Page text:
Homeschooling Younger Children

Last week, I explained our homeschooling philosophy. Now, I want to give you an idea of what that looks like for younger children. Philosophies are great, but what people want to know is how to apply it. Our oldest daughter isn’t even four years old, but we have already started applying our philosophy.The most important thing, especially with a young child, is to teach them to love to learn. No matter how much information you drill into their little heads, if they don’t love learning, you’ve wasted your time.

One of our key ideas is for our children to learn through real, everyday life. These are all things we do or have done with our three-year-old. As we do these things, we also explain them.

  • Math: count tomatoes from the garden, count ingredients for cooking, basically anything she is interested in!
  • Science: gardening, cooking, cleaning (we explain how things work, on her level of comprehension)
  • Health: herbs, cooking, play/exercise
  • English: family reading, sandpaper letters
  • History: tell her about how things were done
  • Cultural: ethnic foods, picture books, art (viewing and creating)

With younger children, we parents have to take advantage of their natural curiosity. When Pumpkin asks about something, we often pull out a book or get on-line. We will look at pictures, watch videos, look at maps and tell her what we can about the subject for as long as she expresses interest. For example, she asked several questions about mountain goats, so my hubby got on-line with her and they watched videos about them. She learned about where they live, what they eat, what they do and more! Another example is with herbs. She helps me make herbal remedies and she even knows what many of them are for. At only 3 1/2 years old, she can go into the yard and find plantain for bug bites and stings!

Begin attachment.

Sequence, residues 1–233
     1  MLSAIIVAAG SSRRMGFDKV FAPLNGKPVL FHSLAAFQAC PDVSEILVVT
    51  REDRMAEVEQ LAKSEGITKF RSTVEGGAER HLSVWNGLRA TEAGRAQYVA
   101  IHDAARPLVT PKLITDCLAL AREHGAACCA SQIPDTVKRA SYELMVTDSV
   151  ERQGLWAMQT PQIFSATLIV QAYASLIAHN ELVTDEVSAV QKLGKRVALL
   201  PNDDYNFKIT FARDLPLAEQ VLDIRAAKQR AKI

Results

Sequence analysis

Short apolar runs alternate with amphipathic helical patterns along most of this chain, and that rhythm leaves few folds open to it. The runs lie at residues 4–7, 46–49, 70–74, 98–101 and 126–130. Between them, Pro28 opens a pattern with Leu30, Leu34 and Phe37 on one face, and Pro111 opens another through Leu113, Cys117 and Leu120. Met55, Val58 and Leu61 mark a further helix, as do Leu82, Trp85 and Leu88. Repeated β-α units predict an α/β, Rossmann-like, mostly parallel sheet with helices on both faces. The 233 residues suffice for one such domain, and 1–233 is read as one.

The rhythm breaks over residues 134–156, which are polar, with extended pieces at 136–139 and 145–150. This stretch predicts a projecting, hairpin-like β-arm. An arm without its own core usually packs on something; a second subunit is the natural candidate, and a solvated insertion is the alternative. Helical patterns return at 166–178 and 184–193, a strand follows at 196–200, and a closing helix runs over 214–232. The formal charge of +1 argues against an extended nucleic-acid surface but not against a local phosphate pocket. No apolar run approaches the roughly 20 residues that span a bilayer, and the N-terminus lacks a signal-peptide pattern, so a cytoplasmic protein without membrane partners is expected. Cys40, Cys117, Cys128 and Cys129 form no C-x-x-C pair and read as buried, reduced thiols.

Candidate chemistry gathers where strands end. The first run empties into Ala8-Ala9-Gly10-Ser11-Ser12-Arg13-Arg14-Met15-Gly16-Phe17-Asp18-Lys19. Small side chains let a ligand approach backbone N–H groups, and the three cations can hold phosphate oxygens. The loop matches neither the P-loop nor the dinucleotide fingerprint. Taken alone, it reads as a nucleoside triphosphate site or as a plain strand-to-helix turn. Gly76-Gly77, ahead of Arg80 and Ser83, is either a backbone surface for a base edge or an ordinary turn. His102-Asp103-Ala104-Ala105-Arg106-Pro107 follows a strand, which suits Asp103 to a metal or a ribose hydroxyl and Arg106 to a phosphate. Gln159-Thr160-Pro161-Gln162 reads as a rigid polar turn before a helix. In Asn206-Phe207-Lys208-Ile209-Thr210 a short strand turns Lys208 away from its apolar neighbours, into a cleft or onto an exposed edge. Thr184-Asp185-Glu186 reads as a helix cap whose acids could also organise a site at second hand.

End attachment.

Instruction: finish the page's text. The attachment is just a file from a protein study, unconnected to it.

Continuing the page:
Children love hands-on activities and games. Make learning fun! Having art supplies available is a given, but go beyond the basics. I’ve already posted about how much Pumpkin loves “doing shapes”, and I will be adding more homeschool activities as we do them.

Homeschooling young children doesn’t take a special teaching certificate or lots of expensive curriculum. Use what you already have and teach your kiddos from the things in their everyday lives.

This post has been included in the Weekend Whatever at Your Thriving Family!

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